“May in Utah–an homage” by Laura Craner

The poplar’s shadow on her hand
Indicates a tree in spring.
Willets, catbirds, and broncos all hear
Big-hipped nature dancing across the Rockies
Stripping and putting on the many faces of
A weather-beaten land:
Green, red, brown, and white,
The flag of summer on the horizon.

They are indivisible incompatibles,
This landscape and
The mutterings of a middle woman.
Her words lie naked in a field,
Lost in the grazing cows,
Being licked up and slobbered on
By their wide, warm tongues,

Always emphasizing individuality
And difference and commonality and similarity,
Exploring, teaching, imposing,

Crying, €œLook at me!
Learn from me!
Listen! €

The weather-beaten woman
Tanned, freckled, and dry,

Green, red, brown, and white €”
With wrinkles round her many-faced smile €”
Observes her fleeting springtime
And is always living tenderly.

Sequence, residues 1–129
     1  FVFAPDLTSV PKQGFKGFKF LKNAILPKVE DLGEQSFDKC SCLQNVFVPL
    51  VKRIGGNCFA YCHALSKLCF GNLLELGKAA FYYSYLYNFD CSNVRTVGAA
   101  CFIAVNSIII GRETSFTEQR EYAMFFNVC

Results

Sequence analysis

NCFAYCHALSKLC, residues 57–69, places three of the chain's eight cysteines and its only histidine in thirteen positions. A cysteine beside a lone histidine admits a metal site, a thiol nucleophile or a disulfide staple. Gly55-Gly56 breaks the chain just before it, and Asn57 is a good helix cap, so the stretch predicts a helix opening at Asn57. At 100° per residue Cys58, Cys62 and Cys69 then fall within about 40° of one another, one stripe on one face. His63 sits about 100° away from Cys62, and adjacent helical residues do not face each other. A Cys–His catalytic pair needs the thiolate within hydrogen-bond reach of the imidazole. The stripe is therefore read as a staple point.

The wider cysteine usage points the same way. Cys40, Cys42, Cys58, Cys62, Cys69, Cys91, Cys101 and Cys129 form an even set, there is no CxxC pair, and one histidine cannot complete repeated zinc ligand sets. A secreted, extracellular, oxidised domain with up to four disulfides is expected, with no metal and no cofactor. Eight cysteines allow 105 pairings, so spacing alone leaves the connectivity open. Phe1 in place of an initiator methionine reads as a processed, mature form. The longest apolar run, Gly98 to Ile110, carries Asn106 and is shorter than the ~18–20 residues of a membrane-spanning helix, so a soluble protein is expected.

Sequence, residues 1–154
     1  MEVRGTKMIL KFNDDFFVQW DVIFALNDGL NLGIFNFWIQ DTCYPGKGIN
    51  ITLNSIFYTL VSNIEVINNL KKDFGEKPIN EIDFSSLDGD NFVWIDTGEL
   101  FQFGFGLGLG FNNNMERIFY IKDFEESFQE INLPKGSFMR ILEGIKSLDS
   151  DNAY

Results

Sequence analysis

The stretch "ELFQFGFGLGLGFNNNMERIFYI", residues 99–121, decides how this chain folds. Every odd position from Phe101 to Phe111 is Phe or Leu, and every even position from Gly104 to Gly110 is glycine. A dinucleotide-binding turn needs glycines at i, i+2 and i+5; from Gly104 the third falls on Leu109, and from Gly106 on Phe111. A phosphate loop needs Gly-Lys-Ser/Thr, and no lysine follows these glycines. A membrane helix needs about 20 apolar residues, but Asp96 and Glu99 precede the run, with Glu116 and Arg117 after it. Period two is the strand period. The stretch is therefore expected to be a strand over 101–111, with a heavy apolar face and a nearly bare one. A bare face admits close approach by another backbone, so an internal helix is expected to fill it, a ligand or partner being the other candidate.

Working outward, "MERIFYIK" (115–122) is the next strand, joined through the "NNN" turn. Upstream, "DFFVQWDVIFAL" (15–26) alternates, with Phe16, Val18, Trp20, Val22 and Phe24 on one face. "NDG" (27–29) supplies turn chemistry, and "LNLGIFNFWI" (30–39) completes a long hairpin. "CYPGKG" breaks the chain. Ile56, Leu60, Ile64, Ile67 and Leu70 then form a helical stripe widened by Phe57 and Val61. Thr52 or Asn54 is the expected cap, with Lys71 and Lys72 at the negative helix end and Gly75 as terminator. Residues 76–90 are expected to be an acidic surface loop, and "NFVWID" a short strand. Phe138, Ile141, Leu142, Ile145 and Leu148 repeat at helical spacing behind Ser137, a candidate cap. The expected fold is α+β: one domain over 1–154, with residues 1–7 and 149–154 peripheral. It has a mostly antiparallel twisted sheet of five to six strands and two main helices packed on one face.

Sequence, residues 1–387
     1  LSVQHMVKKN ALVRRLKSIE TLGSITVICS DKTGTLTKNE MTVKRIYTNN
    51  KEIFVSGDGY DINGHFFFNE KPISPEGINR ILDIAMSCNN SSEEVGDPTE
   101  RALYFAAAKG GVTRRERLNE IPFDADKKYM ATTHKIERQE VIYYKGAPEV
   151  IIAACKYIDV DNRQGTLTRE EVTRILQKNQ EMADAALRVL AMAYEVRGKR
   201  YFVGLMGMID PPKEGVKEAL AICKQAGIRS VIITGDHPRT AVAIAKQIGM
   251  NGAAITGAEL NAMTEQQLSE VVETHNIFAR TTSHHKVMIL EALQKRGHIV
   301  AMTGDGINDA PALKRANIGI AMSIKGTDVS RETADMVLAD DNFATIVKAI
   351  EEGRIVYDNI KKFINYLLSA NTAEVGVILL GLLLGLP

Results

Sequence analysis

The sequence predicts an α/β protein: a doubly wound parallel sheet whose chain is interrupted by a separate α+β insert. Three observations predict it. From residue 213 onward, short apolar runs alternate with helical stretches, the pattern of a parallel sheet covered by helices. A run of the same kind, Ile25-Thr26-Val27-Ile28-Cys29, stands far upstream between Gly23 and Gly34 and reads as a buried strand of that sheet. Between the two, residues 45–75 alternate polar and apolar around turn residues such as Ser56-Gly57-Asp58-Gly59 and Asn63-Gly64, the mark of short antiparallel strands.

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Laura is a mommy and sometimes writer who dabbles in gardening and the expressive arts.   She says of this poem, “Back when I was in college I wrote a poem about spring in Utah as an homage to May Swenson. It’s a mash-up of titles of her work and bits of her prose and I thought it might be a good fit for Love of Nature month at WIZ.”   You can read more of her stuff at A Motley Vision or Depressed (But Not Unhappy) Mormon Mommy. She is very excited for spring.

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